The Pandemic’s Impact on Artists and the Arts Ecosystem

Digital Feature by Peter Ciurczak
December 2020

Boston Indicators   (Boston)

Artists and arts institutions provide tremendous economic and cultural value, but even before the pandemic hit, many in Massachusetts struggled to make ends meet. In Boston, small and medium sized institutions tend to rely principally on ticket sales and private donations for revenue, receiving much less public funding than their peers in other U.S. cities. These funding constraints in Boston are similar in other municipalities across the state. Consequently, as venues shut down to control the spread of the coronavirus, revenue dried up quickly. In order to paint a picture of how our state’s arts community has fared throughout the pandemic, this brief explores impacts across three parts of the arts ecosystem:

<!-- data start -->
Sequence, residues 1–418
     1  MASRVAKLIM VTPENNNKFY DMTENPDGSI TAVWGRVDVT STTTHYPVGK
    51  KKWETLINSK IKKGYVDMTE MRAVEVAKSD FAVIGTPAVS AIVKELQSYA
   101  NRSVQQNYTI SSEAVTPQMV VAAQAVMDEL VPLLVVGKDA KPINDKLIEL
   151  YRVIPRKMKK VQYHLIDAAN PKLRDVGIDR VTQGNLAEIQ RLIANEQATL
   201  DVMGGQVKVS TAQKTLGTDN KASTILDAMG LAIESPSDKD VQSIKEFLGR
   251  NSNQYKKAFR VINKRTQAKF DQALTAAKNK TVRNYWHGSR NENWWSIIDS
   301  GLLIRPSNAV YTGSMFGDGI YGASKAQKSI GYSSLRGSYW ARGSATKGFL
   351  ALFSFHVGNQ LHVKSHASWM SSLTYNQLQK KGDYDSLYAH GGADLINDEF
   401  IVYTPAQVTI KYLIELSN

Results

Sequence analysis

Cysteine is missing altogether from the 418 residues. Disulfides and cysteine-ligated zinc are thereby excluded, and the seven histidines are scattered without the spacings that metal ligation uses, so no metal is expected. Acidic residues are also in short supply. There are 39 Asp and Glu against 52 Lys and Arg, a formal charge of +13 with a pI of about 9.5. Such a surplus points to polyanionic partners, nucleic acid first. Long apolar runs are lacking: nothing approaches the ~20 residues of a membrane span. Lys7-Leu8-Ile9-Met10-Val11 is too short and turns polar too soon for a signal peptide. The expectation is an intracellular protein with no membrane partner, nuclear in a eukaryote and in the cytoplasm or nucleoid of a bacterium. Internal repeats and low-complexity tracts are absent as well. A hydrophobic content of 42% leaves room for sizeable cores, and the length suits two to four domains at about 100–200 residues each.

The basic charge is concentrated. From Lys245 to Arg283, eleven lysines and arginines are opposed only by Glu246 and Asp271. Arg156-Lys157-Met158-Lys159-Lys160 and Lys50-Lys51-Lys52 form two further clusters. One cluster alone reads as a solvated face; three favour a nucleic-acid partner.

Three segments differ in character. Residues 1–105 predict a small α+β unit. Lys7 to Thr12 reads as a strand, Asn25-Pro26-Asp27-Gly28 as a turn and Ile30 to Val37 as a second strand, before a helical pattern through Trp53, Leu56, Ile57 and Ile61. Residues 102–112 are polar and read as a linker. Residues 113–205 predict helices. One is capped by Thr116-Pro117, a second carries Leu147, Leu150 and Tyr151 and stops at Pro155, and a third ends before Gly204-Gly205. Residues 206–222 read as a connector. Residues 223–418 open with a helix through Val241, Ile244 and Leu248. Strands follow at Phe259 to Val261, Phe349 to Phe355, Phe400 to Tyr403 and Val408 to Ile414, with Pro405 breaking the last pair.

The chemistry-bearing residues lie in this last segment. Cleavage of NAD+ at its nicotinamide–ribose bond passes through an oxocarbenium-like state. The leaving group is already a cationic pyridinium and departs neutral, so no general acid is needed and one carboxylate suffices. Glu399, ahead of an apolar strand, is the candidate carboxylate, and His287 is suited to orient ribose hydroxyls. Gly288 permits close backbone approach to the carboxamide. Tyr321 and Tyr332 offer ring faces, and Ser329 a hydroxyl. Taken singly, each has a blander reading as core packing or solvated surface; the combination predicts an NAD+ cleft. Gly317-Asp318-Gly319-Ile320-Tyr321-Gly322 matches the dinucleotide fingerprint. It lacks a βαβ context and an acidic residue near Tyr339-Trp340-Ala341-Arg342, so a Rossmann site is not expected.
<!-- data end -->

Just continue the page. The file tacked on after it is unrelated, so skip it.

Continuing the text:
1. Impact on Artists – who have in many cases lost income both from their creative work and from non-creative service-sector work, suffering a double-hit to their financial well-being,
  2. Impact on Arts organizations – many of which have been forced to make hard decisions about who to retain and who to lay off, with Mass Cultural Council survey respondents alone reporting revenue losses of almost $500 million,
  3. Impact on Audiences – who, while eager to return to patronizing the arts, are still largely waiting for a vaccine before doing so.